Books can be expensive. If you’ve spent around $25 for a hardcover, and up to $10 for a mass market paperback, you want a return on your investment. I know people who don’t read much because they’re having trouble getting through a book. It’s boring, it doesn’t interest them, it’s not what they thought it would be, so they put it down. They’re determined to fight their way through it, though. So they stop reading completely, or they only read a page or two and then set the odious it aside again rather than finding something else.
If you get stuck on a book, and are really determined to read it but it’s not floating your boat right now, put it away. Put in back on the shelf and start reading something else. If a TV show was boring, you’d change the channel, right? Maybe you’ll be interested in the book at another time, when you’re in a different mood, or when external factors have changed. When I’m in work mode, I sometimes don’t have patience for fiction; when I need downtime, I do not want to see business books or anything resembling a text book. It becomes a matter of mood.
This is why I like libraries and bookstores. I can check a book out of the library without risk. I can walk into a bookstore, hold the book in my hands, and read a few pages. Not the few pages that Amazon (and the book’s publisher) allows me to read online, which may be the best bits, but sample any portion of the book.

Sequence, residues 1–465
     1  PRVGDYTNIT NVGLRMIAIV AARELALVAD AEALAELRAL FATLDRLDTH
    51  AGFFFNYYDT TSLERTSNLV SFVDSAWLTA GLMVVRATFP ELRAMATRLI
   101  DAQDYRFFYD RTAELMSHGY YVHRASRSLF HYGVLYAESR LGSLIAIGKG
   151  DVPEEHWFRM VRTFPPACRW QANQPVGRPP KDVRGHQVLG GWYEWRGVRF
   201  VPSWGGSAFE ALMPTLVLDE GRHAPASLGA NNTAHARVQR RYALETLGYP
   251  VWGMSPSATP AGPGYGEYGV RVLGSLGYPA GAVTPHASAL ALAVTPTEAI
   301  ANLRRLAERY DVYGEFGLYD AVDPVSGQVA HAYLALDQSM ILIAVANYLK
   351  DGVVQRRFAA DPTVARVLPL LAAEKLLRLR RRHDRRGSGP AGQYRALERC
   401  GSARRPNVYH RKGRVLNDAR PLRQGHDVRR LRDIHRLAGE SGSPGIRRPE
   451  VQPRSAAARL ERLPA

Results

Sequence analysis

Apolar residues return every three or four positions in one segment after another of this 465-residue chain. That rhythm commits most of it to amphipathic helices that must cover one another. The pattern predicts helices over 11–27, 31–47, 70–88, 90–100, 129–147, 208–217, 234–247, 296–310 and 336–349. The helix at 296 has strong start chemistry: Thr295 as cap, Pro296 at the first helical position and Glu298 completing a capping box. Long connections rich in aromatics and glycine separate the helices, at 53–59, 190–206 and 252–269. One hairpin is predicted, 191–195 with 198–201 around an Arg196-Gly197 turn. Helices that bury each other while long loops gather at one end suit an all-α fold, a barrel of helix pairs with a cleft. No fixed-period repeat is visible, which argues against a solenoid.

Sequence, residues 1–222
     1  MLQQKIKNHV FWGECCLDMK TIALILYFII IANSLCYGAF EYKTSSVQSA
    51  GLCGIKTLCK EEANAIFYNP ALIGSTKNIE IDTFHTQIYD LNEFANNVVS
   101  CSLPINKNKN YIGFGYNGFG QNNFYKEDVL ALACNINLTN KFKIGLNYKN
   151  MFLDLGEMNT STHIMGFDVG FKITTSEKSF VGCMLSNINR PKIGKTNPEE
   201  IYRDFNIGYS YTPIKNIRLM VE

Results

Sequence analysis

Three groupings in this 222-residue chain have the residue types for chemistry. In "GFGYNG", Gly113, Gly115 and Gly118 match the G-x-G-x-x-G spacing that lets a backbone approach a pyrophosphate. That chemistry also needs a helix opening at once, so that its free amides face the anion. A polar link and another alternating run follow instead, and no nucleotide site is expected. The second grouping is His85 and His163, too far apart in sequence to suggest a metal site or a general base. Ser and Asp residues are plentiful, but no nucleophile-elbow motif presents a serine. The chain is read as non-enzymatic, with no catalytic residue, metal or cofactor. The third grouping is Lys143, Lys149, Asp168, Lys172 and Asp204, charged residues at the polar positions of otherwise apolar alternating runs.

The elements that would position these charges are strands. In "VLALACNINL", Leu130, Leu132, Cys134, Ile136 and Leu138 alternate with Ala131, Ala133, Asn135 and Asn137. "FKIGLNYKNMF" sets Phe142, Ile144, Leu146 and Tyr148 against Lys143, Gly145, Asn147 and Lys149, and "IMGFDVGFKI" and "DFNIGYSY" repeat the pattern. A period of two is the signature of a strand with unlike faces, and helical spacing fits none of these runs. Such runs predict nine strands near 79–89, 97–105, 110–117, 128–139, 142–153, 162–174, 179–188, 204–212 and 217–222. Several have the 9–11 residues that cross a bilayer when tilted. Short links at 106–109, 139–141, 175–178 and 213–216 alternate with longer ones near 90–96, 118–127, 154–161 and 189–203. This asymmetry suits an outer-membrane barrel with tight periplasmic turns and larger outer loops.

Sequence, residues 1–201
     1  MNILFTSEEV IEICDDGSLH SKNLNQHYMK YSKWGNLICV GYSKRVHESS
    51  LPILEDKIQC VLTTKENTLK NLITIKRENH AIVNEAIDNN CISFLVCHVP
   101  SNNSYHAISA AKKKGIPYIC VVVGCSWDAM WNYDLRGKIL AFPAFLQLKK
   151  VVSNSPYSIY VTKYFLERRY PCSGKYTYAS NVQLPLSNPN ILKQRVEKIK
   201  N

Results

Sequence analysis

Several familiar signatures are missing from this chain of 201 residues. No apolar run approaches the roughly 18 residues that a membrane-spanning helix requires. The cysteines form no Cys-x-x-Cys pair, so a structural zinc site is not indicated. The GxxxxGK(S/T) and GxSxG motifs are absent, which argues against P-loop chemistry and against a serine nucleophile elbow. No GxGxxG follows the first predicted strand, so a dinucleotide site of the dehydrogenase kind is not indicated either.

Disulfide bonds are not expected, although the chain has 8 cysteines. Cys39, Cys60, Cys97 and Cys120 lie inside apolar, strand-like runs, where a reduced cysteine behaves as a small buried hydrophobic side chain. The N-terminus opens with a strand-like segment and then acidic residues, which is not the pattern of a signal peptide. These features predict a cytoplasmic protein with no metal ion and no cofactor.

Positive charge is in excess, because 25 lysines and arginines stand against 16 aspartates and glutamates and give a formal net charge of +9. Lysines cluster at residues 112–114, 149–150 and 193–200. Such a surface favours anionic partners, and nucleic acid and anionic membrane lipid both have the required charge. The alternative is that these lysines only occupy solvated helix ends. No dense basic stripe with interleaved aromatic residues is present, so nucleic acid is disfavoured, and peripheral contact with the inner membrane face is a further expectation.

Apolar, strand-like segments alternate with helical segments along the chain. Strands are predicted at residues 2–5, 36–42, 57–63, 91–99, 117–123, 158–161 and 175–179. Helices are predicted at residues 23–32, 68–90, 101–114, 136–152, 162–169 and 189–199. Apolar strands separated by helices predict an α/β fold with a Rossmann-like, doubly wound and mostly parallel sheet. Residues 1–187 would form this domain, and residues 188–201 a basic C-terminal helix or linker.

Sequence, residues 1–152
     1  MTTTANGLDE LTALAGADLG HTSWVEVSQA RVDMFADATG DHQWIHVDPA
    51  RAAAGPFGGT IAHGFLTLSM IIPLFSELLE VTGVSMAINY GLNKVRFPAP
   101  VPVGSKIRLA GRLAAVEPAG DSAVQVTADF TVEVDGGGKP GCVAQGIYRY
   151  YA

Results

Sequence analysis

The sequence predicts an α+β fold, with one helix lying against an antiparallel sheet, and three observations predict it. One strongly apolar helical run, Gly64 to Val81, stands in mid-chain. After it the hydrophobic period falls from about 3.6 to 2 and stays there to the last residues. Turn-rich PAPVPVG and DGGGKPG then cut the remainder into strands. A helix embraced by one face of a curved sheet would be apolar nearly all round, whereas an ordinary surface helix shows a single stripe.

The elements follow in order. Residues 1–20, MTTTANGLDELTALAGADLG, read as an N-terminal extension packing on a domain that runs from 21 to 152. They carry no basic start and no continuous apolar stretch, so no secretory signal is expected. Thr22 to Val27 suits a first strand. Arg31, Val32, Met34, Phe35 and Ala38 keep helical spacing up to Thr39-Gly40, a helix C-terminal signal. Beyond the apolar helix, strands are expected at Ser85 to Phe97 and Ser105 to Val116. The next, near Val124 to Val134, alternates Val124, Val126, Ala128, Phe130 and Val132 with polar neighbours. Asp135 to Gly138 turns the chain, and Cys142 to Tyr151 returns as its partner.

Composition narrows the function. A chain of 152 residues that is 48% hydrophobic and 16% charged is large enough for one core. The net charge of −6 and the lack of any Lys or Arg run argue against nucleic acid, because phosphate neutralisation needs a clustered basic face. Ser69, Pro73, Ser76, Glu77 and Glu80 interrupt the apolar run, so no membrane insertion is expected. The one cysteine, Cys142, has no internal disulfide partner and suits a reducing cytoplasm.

Read Many Different Things
What I just said above is also why I often have more than one book going at a time. If I’m not in the mood for one thing, I may be in the mood for something else. I have had people say they can’t do that, because they don’t have the attention span to process more than one book at a time. They say they’ll forget what happened in the other book, or get the plots of the two books mixed up. Really? So when you watch television, do you only watch non-episodic shows that wrap up the story within the single episode? If you do watch an episodic show, do you only watch one so you don’t get it mixed up with the other? “Sorry, I can’t watch Mad Men because I’m already watching Breaking Bad, and I don’t want to get the characters mixed up.” What the what?!?
I think we can agree that Mad Men and Breaking Bad are very different things, and there’s little chance of the two becoming accidentally intertwined (although a fan fiction writer somewhere is already on it). So it goes with reading; don’t read two similar books at the same time. Read a novel and a biography, a self-help book and a short story collection, poetry and a technical manual. Even if you’re reading all fiction, read a mystery and a science fiction novel, or a western and some literary fiction. Mix it up. Also understand that those skills you say you don’t possess, the ability to keep things straight, are skills that develop from reading more.
How do you find more time to read? Post your ideas in the comments below! And if you like this post, click on the buttons to share it with your friends on the social networks of your choice!